Self-Discovery in Chiang Muan

May 1, 2009
By Suah Lee BRONZE, Concord, Massachusetts
Suah Lee BRONZE, Concord, Massachusetts
1 article 0 photos 0 comments

Strangely, the first scene I witnessed on my trip to Chiang Muan, a small rural town in Northern Thailand, happened to be a burgundy brick wall covered with posters of Korean pop-stars. From a distance, I could hear an old-fashioned audio player blasting out a popular 90s’ Korean pop song. This was the most unexpected scenery: who would have ever imagined seeing familiar faces on the worn-down walls of the countryside bus station or to hear songs from his country in a foreign land that takes over five hours by plan to reach?
In summer of 2006, I joined this travelling group called Where There Be Dragons and went a six-week-long road trip to Thailand. Chiang Muan was our first itinerary. For two weeks, we were going to attend the local high school as exchange students and homestay with a student.
I still vividly remember the cheering students at Chiang Muan High school when we entered the school’s front gate. At first, I didn’t know that they were cheering for ME. It was only when I saw their holding small signs saying “welcome” in Korean that I noticed that they had been waiting for my advent. Hearing that a Korean girl their age would come to their school, the students seemed to have been excited weeks before my actual visit. Nervousness and excitement would be two words that best describe my initial reaction to such a stunning welcome. The friendly welcome encouraged me to differentiate myself from the American girls I was traveling with and to identify myself as Korean.
Following the arrival, we had a short meeting time with our host students to acquaint with one another. Mine was Aom, a young and shy girl with big eyes. I gave her a present I brought from Korea and, as a return, got a cool Thai name for me – Namphon. She told me that my name meant spring breeze. I already liked the school a lot.
The following two weeks, I was the star of this small local school. Everyone screamed and waved their hands when I passed by and even asked me to autograph. It was embarrassing and, at the same time, thrilling because all of these made me feel as if I were a celebrity. Although I couldn’t understand a single word in Thai, I could feel their affection through their warm smile and willingness to help me.
From a certain point during my short stay, I started to realize that they appreciated me most as part of the Korean society they had been dreaming of, the community that exists in Korean soap operas and in pop song lyrics. At the same time, this almost excessive enthusiasm for Korea scared me, for I worried that I would never be able to meet their ideal standard of a Korean woman: I could not be a heroine of Korean soap operas who shed tears every day and simultaneously entangles oneself in the love relationships of several men. Such a naïve and sentimental Korean woman exists within the boundary of fantasy, but rarely in the real world.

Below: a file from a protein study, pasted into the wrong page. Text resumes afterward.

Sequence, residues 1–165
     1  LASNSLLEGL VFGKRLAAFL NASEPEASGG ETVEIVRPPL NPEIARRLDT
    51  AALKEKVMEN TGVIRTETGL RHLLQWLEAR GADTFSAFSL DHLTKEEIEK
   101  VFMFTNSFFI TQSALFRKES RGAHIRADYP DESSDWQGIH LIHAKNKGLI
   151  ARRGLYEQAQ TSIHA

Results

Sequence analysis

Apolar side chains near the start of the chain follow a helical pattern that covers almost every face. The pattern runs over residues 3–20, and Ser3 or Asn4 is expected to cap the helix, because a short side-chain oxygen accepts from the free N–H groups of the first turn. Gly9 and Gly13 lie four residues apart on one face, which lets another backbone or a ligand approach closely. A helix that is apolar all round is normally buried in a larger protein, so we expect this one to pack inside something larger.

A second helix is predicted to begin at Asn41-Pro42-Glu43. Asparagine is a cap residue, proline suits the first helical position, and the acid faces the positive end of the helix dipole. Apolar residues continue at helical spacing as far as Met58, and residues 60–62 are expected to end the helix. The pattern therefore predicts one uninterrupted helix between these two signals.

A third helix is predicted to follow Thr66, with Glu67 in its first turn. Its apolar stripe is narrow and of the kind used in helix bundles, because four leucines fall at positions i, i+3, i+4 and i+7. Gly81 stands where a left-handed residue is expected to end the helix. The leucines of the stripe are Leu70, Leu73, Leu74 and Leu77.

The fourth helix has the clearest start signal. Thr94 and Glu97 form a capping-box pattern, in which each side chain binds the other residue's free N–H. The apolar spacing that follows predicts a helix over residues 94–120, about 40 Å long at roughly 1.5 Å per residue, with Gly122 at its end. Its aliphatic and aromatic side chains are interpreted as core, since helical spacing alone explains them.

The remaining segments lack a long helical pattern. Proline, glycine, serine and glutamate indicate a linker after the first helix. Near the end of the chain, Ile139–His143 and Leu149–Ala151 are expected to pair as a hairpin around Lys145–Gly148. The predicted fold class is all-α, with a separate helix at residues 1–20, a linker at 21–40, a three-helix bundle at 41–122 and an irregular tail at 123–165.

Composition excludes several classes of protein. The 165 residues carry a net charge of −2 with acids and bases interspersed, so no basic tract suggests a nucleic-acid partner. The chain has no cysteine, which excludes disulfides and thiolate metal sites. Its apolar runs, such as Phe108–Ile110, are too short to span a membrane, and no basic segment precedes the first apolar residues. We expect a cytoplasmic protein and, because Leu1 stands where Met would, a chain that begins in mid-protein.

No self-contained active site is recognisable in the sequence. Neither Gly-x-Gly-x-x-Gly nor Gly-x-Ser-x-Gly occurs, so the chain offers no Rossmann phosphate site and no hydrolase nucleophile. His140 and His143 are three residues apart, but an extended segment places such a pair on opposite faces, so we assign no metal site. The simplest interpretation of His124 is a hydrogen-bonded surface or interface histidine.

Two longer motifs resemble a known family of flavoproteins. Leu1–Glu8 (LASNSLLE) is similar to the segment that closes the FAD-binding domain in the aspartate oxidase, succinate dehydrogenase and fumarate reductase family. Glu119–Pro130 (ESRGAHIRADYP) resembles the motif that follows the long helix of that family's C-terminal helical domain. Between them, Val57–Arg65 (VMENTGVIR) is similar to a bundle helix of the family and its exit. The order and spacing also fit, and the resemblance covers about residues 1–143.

Thailand is one of the countries that Korean culture has greatly influenced through the phenomenon called hallyu, or “Korean wave.” For example, from 8 to 10 o’clock at night, the prime time for television programs, all the major Thai TV channels broadcast Korean dramas. For this reason, students at Chiang Muan knew Korean actors, singers, and dramas even better than I did. Every time they sang Korean songs with their unique Thai accent, I was delighted but also felt a sense of guilt deeply, remembering how much I did not like to sing the same songs when I was with friends in the U.S. I had felt a strong need to become more Americanized in States, convinced that being Korean did little good for me.

Thai students’ interest in Korean culture changed my thoughts dramatically. During the school experience in Thailand, I had spent most of my time talking with Thai students. They would ask to hear anything about Korea. They envied me for having Korean friends, singing Korean songs with perfect pronunciation, watching Korean soap operas, and fully comprehending them without Thai subtitles –they appreciated me purely for being Korean. When I sang the Korean national anthem in front of 450 students in the school, I was about to cry, eventually understanding how wrong I was to desire being a different national identity and how much I loved my country, Korea. Even though I enjoyed pretending to be a superstar in the small town, what I enjoyed the most turned out to be the hospitality and unconditional attention that the whole school offered me and their enthusiasm towards Korean culture and people. I went all the way to Thailand to discover who I really was.

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